Regularly returning to practice returns you to your capacity to connect to your breath. Regularly returning to your practice invites deeper connection to your adaptable and graceful heart. Regularly returning to your practice reminds you of your ability to skillfully spin, twirl, and jive on the paradoxical dance floor of life. Stepping gracefully between stability and freedom, acknowledging your innate ability to be simultaneously fragile and rigid, embracing your innate ability to be resilient and adaptable, will bring you ever closer to the vibrant freedom of peace you were born to enjoy. Carry on!

With Love, always, in all ways, for giving,

Genevieve 

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Legs.

Legs.

Loving on our bodies in general is not exactly encouraged in our culture. The pressure for us, as spirits in form, to perfect the form, rather than tend to the formless, is real. We live in a weird time and place where the focus on the external is far sharper than support for the depth of process it takes to look at what lies beneath. Pockets of pure perspective (like a community at your local yoga studio), do exist. Seek them out. Find a yoga teacher who inspires you to look with respect, rather than mistrust, into your body, as a step on the path of awareness. The following practice is all about dissolving the confusion and negative language around legs. Let’s call it “leg-loving-life-giving-practice”.  See what twenty minutes or so of exploration, stabilization and gentle stretches can do for your legs, those amazing limbs that carry you about all day long.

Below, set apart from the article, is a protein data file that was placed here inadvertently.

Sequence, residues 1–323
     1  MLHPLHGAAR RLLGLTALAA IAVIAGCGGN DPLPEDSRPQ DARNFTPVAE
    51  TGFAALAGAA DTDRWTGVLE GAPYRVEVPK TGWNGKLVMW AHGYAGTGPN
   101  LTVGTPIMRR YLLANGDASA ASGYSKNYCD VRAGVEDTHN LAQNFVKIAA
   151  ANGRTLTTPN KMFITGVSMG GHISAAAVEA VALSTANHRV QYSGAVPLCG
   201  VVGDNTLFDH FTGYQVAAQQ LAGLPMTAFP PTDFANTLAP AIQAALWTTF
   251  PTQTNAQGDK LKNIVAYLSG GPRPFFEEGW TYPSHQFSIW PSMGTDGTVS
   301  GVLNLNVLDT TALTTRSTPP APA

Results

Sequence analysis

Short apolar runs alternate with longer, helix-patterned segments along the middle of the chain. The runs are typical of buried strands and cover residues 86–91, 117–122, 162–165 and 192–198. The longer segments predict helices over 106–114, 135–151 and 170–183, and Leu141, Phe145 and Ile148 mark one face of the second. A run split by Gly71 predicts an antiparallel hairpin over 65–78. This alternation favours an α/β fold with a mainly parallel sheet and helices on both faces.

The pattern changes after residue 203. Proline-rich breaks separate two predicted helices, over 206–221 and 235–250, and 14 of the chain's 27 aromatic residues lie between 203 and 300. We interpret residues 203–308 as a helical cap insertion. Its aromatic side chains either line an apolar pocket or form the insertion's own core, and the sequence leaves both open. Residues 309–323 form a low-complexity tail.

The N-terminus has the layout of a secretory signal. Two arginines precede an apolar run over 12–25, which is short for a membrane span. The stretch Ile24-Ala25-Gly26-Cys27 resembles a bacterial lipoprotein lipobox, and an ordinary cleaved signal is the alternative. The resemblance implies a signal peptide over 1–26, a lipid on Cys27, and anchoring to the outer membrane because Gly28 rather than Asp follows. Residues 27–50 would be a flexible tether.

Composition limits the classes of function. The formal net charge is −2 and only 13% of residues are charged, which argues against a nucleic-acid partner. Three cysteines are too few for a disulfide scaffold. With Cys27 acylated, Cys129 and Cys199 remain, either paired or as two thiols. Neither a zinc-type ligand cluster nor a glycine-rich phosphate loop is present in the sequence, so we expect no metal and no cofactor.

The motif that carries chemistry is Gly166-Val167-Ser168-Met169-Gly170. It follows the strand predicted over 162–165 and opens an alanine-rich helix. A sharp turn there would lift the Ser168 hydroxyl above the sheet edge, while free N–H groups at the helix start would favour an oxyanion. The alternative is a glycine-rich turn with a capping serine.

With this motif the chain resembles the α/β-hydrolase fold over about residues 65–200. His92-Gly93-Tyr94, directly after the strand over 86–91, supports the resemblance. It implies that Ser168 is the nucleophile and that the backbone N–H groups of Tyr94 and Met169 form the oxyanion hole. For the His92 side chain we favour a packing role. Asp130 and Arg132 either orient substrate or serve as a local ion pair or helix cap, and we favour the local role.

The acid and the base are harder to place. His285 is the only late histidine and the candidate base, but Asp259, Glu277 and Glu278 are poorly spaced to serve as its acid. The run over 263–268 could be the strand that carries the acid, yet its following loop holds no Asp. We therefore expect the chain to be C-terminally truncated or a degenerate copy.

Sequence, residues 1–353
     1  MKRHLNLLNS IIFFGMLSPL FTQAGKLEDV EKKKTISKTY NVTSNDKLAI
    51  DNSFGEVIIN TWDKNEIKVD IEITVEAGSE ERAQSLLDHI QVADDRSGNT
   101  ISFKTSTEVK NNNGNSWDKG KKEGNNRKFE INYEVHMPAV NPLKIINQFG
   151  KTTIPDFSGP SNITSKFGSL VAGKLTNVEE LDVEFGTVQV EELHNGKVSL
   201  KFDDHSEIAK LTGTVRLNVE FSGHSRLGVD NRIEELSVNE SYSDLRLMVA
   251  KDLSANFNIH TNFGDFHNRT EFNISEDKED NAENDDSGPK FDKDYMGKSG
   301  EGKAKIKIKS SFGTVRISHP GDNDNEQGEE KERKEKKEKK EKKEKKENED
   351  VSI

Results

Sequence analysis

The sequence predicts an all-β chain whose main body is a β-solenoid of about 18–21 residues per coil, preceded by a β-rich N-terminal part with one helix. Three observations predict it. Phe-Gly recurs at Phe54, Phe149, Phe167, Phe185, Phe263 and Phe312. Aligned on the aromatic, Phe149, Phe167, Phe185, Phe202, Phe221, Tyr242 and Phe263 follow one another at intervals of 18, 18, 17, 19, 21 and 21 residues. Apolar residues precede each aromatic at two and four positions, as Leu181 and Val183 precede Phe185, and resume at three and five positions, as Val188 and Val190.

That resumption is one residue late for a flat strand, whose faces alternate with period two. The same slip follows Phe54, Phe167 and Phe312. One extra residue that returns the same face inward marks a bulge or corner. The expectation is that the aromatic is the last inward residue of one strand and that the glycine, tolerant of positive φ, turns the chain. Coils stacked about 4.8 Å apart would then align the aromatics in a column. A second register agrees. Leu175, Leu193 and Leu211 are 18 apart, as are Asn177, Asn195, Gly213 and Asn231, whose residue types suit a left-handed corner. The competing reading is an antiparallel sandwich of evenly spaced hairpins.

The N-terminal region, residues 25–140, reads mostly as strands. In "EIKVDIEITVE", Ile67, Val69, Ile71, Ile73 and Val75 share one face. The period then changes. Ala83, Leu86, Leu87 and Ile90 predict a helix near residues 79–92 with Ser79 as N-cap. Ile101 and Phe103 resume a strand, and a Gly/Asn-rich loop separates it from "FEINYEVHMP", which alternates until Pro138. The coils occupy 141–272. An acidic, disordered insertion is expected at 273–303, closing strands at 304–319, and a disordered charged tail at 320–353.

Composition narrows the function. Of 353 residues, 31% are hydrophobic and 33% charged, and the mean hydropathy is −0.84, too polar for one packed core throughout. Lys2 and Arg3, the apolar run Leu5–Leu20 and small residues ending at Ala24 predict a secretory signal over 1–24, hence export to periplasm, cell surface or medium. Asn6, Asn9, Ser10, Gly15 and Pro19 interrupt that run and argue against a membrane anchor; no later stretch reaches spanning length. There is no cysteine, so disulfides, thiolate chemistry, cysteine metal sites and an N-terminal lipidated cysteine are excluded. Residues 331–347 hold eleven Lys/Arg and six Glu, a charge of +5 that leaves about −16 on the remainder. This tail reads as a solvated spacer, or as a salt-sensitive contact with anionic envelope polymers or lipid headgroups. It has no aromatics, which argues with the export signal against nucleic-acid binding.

Put your feet up.

Legs up the wall helps to drain excess pressure, like the kind that builds up after a lifetime of mostly living on your feet, from your lovely legs. Lie down on the floor and kick your feet up. Five minutes.

Fold forward.

Find the position of your pelvis that allows your spine to move toward the earth with gravity in a forward fold. Start standing, using the strength of your legs to rock your pelvis forward and back, and get familiar with both actions, as they are both useful. Then, apply the forward tip of the pelvis to your forward fold. That means that your lower back is below your tailbone as you reach to touch the earth. Bend your knees as much as you need to maintain that alignment. Your back will thank you and your legs will actually be stretched (not stressed). One to two minutes.